Intel Core i9-13900K and i5-13600K Review: Raptor Lake Brings More Biteby Gavin Bonshor on October 20, 2022 9:00 AM EST
Z790 Chipset: More I/O Than Z690, But Same Performance
One of the main talking points surrounding all processor launches at present is platform affordability. When Intel launched its 12th Gen Alder Lake core series processors towards the tail end of 2021, it enabled users to utilize the higher bandwidth DDR5 memory in a desktop platform. As DDR5 memory supply was low and consumer demand was high during Alder Lake’s initial launch, this sky rocketed prices and it made it near impossible for users to buy a DDR5 kit to use with 12th Gen. Intel did offer support for both DDR5-4800 and DDR4-3200, but motherboards (600-series) could only support one or the other.
Although this hasn’t changed with Intel’s latest Z790 chipset, Intel does offer support for both DDR5 and DDR4 with its 13th Gen Raptor Lake Core processors; something AMD doesn’t do with Ryzen 7000 series, much to consumer’s angst. Even though Intel has opted for a higher DDR5 memory speed (5600 MT/s versus 4800 MT/s) compared to Alder Lake, DDR4 memory support remains at DDR4-3200.
|Intel Z690, Z590, and Z490 Chipset Comparison|
|PCIe Lanes (CPU)||16 x 5.0
4 x 4.0
|16 x 5.0
4 x 4.0
|20 x 4.0||16 x 3.0|
|PCIe Lanes (Chipset)||20 x 4.0
8 x 3.0
|12 x 4.0
16 x 3.0
|24 x 3.0||24 x 3.0|
|PCIe Specification (CPU)||5.0/4.0||5.0/4.0||4.0||3.0|
|DMI Lanes||x8 4.0||x8 4.0||x8 3.0||x4 3.0|
|Max USB 3.2 (Gen2/Gen1)||10/10||10/10||6/10||6/10|
|USB 3.2 Gen 2x2 (20 Gbps)||Y (5)||Y (4)||Y (4)||ASMedia|
|Max SATA Ports||8||8||6||6|
|Memory Channels (Dual)||2/2||2/2||2/2||2/2|
|Intel Optane Memory Support||N||Y||Y||Y|
|Intel Rapid Storage Tech (RST)||Y||Y||Y||Y|
|Integrated Wi-Fi MAC||Wi-Fi 6E||Wi-Fi 6E||Wi-Fi 6||Wi-Fi 6|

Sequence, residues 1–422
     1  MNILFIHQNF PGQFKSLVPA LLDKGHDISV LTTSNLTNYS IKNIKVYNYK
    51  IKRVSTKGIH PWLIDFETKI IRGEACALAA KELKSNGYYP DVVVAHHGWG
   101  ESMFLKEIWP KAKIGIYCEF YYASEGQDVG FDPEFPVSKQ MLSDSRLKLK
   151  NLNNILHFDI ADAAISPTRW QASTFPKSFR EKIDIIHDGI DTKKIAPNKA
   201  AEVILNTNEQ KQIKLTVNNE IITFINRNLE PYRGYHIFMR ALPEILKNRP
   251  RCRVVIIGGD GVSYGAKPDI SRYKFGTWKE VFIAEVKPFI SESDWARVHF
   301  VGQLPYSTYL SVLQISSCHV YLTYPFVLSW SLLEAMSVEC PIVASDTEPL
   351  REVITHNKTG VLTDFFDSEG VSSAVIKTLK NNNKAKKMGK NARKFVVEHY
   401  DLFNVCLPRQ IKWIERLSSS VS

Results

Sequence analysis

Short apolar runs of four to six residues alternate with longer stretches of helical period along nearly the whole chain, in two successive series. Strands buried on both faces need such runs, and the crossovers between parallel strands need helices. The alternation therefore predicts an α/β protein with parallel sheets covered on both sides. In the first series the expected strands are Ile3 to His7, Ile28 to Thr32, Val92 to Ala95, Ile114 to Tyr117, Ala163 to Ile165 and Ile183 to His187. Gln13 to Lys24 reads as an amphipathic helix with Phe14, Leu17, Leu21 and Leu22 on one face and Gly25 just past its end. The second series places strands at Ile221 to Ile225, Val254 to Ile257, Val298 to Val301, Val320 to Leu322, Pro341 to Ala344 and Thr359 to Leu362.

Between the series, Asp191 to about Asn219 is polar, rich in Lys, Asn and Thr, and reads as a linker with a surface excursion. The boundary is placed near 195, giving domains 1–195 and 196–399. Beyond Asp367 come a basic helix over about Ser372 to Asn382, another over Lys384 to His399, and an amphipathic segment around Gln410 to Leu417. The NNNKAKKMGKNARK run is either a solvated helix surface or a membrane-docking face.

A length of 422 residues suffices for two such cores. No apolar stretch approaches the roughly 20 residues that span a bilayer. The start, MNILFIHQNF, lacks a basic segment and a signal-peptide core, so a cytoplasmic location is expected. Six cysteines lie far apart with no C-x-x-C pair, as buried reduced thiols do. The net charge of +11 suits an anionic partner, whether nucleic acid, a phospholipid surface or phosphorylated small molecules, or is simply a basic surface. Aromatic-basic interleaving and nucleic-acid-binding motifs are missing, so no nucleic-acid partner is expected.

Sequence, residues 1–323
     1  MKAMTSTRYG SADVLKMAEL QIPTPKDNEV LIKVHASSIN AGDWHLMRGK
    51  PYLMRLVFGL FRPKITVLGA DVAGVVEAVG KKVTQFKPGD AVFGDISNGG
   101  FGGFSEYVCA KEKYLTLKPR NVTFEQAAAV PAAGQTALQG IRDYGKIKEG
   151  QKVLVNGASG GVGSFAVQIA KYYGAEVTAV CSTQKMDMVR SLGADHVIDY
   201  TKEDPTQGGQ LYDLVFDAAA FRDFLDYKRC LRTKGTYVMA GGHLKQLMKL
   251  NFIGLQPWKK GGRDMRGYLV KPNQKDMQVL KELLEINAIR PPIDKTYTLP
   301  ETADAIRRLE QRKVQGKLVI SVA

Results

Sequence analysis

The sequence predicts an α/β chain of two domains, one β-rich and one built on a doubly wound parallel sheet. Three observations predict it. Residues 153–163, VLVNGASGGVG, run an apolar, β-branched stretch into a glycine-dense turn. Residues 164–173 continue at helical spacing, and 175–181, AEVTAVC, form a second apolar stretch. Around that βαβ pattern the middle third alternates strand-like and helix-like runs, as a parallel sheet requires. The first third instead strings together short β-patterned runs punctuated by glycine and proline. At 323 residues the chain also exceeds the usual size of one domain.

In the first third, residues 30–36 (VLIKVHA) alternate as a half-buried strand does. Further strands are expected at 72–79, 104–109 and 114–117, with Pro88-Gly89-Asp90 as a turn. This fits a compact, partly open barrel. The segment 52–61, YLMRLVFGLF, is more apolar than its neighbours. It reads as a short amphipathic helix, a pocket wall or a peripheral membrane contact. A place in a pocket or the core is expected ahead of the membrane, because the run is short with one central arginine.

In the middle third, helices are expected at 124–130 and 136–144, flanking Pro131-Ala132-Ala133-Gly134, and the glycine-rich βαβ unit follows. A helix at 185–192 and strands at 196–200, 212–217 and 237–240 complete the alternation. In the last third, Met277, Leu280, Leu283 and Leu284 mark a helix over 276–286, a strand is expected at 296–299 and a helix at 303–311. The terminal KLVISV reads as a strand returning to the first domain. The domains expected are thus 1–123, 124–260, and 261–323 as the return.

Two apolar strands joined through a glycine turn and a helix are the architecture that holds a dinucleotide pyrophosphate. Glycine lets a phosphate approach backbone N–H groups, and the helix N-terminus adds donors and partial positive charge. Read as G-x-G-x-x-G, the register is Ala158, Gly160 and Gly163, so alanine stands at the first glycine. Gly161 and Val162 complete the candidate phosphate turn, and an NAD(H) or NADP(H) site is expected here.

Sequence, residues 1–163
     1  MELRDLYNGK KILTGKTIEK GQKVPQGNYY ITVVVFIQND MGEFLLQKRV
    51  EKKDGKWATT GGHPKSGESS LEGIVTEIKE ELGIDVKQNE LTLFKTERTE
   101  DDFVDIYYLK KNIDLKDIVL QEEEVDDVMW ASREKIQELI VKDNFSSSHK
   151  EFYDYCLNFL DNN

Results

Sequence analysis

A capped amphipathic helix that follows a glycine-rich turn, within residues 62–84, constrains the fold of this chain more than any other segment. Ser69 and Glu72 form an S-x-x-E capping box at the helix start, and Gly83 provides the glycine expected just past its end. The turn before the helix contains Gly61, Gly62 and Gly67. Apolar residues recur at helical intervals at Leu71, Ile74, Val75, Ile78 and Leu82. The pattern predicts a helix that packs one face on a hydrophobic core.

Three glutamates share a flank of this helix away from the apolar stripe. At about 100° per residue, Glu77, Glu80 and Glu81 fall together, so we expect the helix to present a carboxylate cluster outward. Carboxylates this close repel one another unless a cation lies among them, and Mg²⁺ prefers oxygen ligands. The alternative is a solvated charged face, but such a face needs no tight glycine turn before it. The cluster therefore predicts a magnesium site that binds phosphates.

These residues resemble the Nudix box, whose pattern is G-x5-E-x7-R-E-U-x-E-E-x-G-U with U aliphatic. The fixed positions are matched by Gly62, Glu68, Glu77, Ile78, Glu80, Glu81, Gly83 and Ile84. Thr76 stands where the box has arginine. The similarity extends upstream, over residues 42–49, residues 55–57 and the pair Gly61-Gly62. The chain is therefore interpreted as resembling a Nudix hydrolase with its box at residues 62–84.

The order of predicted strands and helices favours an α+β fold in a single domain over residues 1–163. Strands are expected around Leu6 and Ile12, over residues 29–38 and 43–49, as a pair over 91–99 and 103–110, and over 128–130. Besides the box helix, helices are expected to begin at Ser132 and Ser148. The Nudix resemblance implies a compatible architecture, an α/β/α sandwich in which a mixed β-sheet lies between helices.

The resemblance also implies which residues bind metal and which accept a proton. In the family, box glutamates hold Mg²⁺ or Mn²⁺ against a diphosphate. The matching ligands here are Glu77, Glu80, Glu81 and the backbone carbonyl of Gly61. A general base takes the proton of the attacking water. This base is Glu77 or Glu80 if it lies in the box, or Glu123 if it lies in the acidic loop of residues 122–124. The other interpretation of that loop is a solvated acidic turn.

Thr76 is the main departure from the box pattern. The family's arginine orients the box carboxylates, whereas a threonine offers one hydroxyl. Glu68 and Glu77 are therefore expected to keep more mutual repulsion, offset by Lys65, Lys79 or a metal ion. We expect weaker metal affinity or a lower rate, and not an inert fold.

|Intel Smart Sound||Y||Y||Y||Y|
Looking at the Intel chipset comparison table above, one could really question what’s actually different about Z790 when compared directly to Z690, especially given that Z690 does allow full support for 13th Gen processors; yes, there is no hidden secret sauce or performance unlocking features, Z690 and Z790 will perform the same in compute and gaming.
The key differences are that Z790 offers an additional 8 x PCIe 4.0 lanes from the chipset, but at the cost of 8 x PCIe 3.0 lanes. This means Z790 still offers a total of 28 x PCI lanes when compared to Z690, but it gives vendors further flexibility to utilize the extra PCIe 4.0 lanes for high bandwidth M.2 slots and additional Thunderbolt 4 controllers, while still offering a few PCIe 3.0 lanes for devices such as additional NICs, streaming cards, and other non-bandwidth critical devices.
Intel says Goodbye to Optane Memory (Cache), No Support on Z790
One thing to note with Z790 is that along with Intel’s decision to kill its Optane business; this chipset will NOT support Intel's Optane Memory, Intel's Optane-based drive caching solution. Using Z690 combined with 12th Gen should still yield the same level of support as before, but using Z790 will not allow Optane Memory to be used, which is understandable as Intel winds down its Optane and 3DXpoint storage division.
The main benefit for opting for Z790 over Z690 is essentially down to PCIe 4.0 I/O capabilities, with support for one more additional USB 3.2 G2x2 Type-C port compared to Z690. Having spoken to Intel directly about processor performance with either chipset, they made it clear that they do not expect compute or gaming performance to be any different regardless of whether you’re using the new Z790 or the existing Z690 chipset.